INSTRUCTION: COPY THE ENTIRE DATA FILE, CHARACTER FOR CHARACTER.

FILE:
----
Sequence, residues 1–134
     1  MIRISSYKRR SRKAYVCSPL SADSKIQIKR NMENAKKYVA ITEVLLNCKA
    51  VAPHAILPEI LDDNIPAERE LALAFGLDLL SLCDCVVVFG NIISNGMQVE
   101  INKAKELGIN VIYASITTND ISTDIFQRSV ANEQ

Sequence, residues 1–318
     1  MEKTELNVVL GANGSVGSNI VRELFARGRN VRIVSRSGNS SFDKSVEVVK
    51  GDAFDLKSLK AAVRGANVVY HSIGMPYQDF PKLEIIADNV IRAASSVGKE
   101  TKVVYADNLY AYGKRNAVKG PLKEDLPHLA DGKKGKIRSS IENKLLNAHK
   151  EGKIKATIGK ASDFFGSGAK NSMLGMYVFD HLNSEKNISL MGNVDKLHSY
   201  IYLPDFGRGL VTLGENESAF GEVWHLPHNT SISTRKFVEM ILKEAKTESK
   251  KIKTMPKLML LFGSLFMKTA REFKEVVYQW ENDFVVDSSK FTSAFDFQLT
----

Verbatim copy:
Sequence, residues 1–134
     1  MIRISSYKRR SRKAYVCSPL SADSKIQIKR NMENAKKYVA ITEVLLNCKA
    51  VAPHAILPEI LDDNIPAERE LALAFGLDLL SLCDCVVVFG NIISNGMQVE
   101  INKAKELGIN VIYASITTND ISTDIFQRSV ANEQ

Sequence, residues 1–318
     1  MEKTELNVVL GANGSVGSNI VRELFARGRN VRIVSRSGNS SFDKSVEVVK
    51  GDAFDLKSLK AAVRGANVVY HSIGMPYQDF PKLEIIADNV IRAASSVGKE
   101  TKVVYADNLY AYGKRNAVKG PLKEDLPHLA DGKKGKIRSS IENKLLNAHK
   151  EGKIKATIGK ASDFFGSGAK NSMLGMYVFD HLNSEKNISL MGNVDKLHSY
   201  IYLPDFGRGL VTLGENESAF GEVWHLPHNT SISTRKFVEM ILKEAKTESK
   251  KIKTMPKLML LFGSLFMKTA REFKEVVYQW ENDFVVDSSK FTSAFDFQLT